Correlation of HIF-1α/HIF-2α expression with FDG uptake in lung adenocarcinoma by Kotaro Higashi; Toshiaki Yamagishi; Yoshimichi Ueda; Yasuhito Ishigaki; Miyako Shimasaki; Yuka Nakamura; Manabu Oguchi; Tsutomu Takegami; Motoyasu Sagawa; Hisao Tonami (708-715).
Hypoxia is a key element involved in the development and progression of tumors. HIF-1α may transiently induce and mediate the response to acute and severe hypoxia, while HIF-2α may induce a longer response and may control the response to chronic and moderate hypoxia. Hypoxia increases the cellular uptake of FDG. Therefore, HIF may play an important role in the process of the cellular uptake of FDG. The aim of this study was to compare HIF-1α/HIF-2α expression with FDG uptake, Glut-1 expression, and prognosis in the patients with lung adenocarcinoma and to investigate the role of HIF-1α/HIF-2α in the uptake of FDG in lung adenocarcinoma.In the current work, we compared the immunohistochemical expression of HIF-1α and HIF-2α in surgical specimens of 44 patients with lung adenocarcinoma. The relationships between HIF-α expression and Glut-1 expression, FDG uptake, and clinicopathological factors, including prognosis, were analyzed.There was a marginal association between HIF-1α and HIF-2α expressions (P = 0.076). We found a significant correlation between HIF-2α expression and FDG uptake (P = 0.0001). HIF-1α expression showed a marginal association with FDG uptake (P = 0.066). FDG uptake correlated more significantly with HIF-2α expression than with HIF-1α expression. A significant correlation was noticed between Glut-1 expression and both HIF-1α and HIF-2α expressions (P = 0.005 and P = 0.003, respectively). Univariate analysis of disease-free survival demonstrated that FDG uptake and HIF-2α expression, but not HIF-1α expression, were related to recurrence (P < 0.0001).FDG uptake correlated more significantly with HIF-2α expression than with HIF-1α expression, and both FDG uptake and HIF-2α expression, but not HIF-1α expression was correlated with post-operative recurrence in the patients with lung adenocarcinoma. These results suggest that both FDG uptake and HIF-2α expression may represent a more aggressive phenotype and that HIF-2α may play a more important role than HIF-1α in the uptake of FDG in lung adenocarcinoma.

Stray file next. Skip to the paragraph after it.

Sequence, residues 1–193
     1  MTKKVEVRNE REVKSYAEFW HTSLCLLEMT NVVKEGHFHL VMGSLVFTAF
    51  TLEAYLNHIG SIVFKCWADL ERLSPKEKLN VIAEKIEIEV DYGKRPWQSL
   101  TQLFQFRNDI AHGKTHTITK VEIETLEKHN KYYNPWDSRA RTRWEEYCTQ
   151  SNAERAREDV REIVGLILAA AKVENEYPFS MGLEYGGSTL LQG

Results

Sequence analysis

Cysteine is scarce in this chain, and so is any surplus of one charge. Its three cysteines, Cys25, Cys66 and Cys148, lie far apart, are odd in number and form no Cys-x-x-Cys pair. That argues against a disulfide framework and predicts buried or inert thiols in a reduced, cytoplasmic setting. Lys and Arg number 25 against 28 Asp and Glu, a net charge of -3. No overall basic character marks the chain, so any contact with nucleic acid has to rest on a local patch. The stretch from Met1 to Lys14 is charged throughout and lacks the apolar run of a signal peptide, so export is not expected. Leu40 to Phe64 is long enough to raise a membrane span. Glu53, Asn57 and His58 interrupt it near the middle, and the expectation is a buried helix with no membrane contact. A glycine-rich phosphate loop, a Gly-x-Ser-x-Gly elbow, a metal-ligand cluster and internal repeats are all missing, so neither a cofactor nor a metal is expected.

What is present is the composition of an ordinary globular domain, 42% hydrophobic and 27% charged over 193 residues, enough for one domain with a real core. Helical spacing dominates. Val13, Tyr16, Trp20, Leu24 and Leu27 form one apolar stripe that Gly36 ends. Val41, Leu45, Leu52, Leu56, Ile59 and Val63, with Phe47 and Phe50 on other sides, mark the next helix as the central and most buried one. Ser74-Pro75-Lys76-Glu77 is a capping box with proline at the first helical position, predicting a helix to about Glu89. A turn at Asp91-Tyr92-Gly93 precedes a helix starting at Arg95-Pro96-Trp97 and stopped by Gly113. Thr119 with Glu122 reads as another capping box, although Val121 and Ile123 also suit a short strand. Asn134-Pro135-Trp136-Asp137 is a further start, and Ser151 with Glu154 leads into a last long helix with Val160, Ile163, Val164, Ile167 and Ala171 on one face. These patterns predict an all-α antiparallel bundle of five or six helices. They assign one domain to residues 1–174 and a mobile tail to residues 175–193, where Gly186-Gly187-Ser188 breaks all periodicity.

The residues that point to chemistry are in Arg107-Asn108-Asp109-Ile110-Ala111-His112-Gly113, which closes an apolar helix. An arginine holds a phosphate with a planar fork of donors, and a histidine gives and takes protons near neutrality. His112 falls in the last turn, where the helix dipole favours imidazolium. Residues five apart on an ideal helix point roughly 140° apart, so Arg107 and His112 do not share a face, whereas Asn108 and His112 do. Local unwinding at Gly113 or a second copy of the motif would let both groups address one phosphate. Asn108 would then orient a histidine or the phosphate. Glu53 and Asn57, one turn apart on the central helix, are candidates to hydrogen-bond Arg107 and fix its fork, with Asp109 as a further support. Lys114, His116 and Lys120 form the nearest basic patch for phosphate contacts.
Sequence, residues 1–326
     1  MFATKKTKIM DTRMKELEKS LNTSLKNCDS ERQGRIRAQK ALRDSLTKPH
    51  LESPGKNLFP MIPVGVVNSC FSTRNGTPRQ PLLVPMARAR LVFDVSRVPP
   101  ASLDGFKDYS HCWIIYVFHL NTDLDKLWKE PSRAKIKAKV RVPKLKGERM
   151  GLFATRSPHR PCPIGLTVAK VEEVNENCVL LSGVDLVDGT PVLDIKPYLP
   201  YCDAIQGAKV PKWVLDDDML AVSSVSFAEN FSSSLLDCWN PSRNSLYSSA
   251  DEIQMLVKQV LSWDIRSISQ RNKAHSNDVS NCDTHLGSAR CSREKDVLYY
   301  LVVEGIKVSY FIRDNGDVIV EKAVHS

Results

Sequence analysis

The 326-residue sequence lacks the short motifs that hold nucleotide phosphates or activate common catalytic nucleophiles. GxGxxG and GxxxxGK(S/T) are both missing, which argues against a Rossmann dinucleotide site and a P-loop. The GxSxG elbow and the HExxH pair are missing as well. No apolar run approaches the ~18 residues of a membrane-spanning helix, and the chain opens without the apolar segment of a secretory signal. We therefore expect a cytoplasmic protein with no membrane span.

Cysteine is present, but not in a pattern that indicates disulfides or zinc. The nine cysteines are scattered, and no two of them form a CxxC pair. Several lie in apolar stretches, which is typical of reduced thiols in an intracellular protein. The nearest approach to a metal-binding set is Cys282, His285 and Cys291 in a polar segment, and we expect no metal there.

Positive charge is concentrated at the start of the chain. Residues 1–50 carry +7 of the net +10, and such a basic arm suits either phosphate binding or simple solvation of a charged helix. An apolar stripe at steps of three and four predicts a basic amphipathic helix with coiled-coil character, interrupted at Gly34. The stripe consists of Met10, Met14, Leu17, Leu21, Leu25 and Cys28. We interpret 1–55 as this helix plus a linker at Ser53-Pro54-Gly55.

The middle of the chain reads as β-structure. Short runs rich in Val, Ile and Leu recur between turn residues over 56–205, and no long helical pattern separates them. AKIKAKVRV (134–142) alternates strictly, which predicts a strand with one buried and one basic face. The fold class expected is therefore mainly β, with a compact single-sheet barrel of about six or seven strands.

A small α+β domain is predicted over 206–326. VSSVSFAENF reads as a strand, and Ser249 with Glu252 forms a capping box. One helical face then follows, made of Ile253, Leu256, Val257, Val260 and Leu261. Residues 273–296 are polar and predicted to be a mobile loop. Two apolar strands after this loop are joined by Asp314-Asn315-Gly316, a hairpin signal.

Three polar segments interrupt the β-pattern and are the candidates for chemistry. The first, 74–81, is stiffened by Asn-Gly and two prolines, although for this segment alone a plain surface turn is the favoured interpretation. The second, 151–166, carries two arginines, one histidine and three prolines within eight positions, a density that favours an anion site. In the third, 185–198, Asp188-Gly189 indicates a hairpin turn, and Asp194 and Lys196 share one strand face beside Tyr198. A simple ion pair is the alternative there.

Keywords: PET; 18F-FDG; Lung adenocarcinoma; Hypoxia-inducible factor; Recurrence

Usefulness of the novel risk estimation software, Heart Risk View, for the prediction of cardiac events in patients with normal myocardial perfusion SPECT by Tomohiko Sakatani; Satoshi Shimoo; Kazuaki Takamatsu; Atsushi Kyodo; Yumika Tsuji; Kayoko Mera; Masahiro Koide; Koji Isodono; Yoshinori Tsubakimoto; Akiko Matsuo; Keiji Inoue; Hiroshi Fujita (716-721).
Myocardial perfusion single-photon emission-computed tomography (SPECT) can predict cardiac events in patients with coronary artery disease with high accuracy; however, pseudo-negative cases sometimes occur. Heart Risk View, which is based on the prospective cohort study (J-ACCESS), is a software for evaluating cardiac event probability.We examined whether Heart Risk View was useful to evaluate the cardiac risk in patients with normal myocardial perfusion SPECT (MPS).We studied 3461 consecutive patients who underwent MPS to detect myocardial ischemia and those who had normal MPS were enrolled in this study (n = 698). We calculated cardiac event probability by Heart Risk View and followed-up for 3.8 ± 2.4 years. The cardiac events were defined as cardiac death, non-fatal myocardial infarction, and heart failure requiring hospitalization. During the follow-up period, 21 patients (3.0 %) had cardiac events. The event probability calculated by Heart Risk View was higher in the event group (5.5 ± 2.6 vs. 2.9 ± 2.6 %, p < 0.001). According to the receiver-operating characteristics curve, the cut-off point of the event probability for predicting cardiac events was 3.4 % (sensitivity 0.76, specificity 0.72, and AUC 0.85). Kaplan–Meier curves revealed that a higher event rate was observed in the high-event probability group by the log-rank test (p < 0.001).Although myocardial perfusion SPECT is useful for the prediction of cardiac events, risk estimation by Heart Risk View adds more prognostic information, especially in patients with normal MPS.
Keywords: 99mTc-tetrofosmin myocardial perfusion SPECT; Heart Risk View; Risk estimation